When Things Go Boom // If you play with nuclear weapons, you’re gonna get burned

Last week’s “Closer Look” discussed the “fallout” from a nuclear explosion at a remote Russian military base. It took the Russians some time to provide the world with an explanation for the dramatic rise in radiation and the death of a number of scientists. Western officials believe the explosion was due to the development of a new type of cruise missile that may not be covered by international treaties. But of course there is more to the story…

There were several explosions in the former Soviet Union this month. The first was in an ammunition depot that “somehow” caught fire. The result was a conventional explosion on a scale not seen since the first atom bomb was dropped on Japan. It was the equivalent of several thousand tons of TNT going off at once. That is a big boom. Russian TV showed panic-stricken families rushing out of the nearby city while a fireball and a giant cloud rose over the hilltops. It was not a mushroom-shaped cloud that a nuclear weapon might cause, but it was big enough and loud enough to shake the city and register on Richter scales around the world.

Things are not supposed to go boom inside a military ammunition depot. Ever. But such things seem to happen in Russia with regularity, perhaps because the Russian military has elevated negligence to an art form. They should not be allowed to play with explosives. When the depot went off, the Russian military breathed a big sigh of relief and thought, “Well, at least that’s over with.” But it wasn’t. No one checked to see if there might be a few tons of unexploded artillery shells scattered around the site. They did not realize that their failure to quickly clean up the rest of the explosives might be a mistake. After all, what else could go wrong? And then a storm blew in and the rest of the ammo dump was ignited by a bolt of lightning. Another big boom.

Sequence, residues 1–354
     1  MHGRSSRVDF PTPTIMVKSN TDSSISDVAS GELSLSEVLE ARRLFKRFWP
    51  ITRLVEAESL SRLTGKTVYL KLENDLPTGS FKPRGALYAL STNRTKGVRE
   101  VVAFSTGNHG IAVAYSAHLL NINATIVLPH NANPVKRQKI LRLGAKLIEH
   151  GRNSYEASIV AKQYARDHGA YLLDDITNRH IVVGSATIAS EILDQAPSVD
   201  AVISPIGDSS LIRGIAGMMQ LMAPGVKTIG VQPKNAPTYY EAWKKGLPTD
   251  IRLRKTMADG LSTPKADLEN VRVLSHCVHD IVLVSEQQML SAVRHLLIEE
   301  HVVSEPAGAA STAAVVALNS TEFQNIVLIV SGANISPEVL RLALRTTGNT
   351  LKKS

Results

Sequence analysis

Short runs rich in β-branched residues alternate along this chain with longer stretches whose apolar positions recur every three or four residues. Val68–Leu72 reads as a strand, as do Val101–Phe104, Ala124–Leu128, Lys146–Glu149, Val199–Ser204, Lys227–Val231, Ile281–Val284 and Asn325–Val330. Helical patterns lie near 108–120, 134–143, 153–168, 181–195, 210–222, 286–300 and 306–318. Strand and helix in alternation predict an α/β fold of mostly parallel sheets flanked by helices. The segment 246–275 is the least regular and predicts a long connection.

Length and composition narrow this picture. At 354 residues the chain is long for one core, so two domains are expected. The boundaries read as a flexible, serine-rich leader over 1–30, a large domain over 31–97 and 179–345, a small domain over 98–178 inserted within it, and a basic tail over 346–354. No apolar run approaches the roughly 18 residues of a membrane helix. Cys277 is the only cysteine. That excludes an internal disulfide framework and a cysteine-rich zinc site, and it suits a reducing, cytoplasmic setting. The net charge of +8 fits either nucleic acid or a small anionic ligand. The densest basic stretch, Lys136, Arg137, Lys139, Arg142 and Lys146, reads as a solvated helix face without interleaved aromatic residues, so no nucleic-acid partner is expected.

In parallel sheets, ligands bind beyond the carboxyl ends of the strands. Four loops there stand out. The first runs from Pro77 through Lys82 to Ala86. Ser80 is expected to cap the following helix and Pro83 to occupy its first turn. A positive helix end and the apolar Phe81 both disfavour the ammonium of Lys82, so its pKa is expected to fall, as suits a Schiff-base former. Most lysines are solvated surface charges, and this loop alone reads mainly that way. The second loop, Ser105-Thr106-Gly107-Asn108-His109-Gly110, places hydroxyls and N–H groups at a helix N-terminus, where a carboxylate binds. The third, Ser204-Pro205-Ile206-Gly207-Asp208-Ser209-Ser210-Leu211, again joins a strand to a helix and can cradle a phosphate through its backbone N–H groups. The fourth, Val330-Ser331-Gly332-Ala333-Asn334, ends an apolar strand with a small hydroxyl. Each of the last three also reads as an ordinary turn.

The reason why many Russian secret weapons blow up is that they stole the secret weapons plans from us but then messed up the assembly. We don’t know whether the US cleverly omitted some key steps from the instructions or whether the Russian workers didn’t bother to read the instructions very carefully. Monday errors seem to happen more frequently in Russia, perhaps because their workforce has the highest rate of alcoholism in the world. Every Russian knows not to buy a washing machine or a car that was assembled on a Monday. Bad things happen when workers and the quality control department all have hangovers. No one catches the errors—or cares.

But very, very bad things can happen when Russian workers make Monday errors while assembling a nuclear weapon from someone else’s diagrams. There was once an entire “secret city” built in Russia where everyone could work together on nuclear weapons. Then one day in the early 1950s, the city disappeared in a mushroom cloud. The Russians are good at cover-ups, but still, an entire city had gone missing. The world slowly began to notice that most of Russia’s top nuclear scientists and physicists had simultaneously stopped publishing research papers during the same month in the same year. They all went boom.

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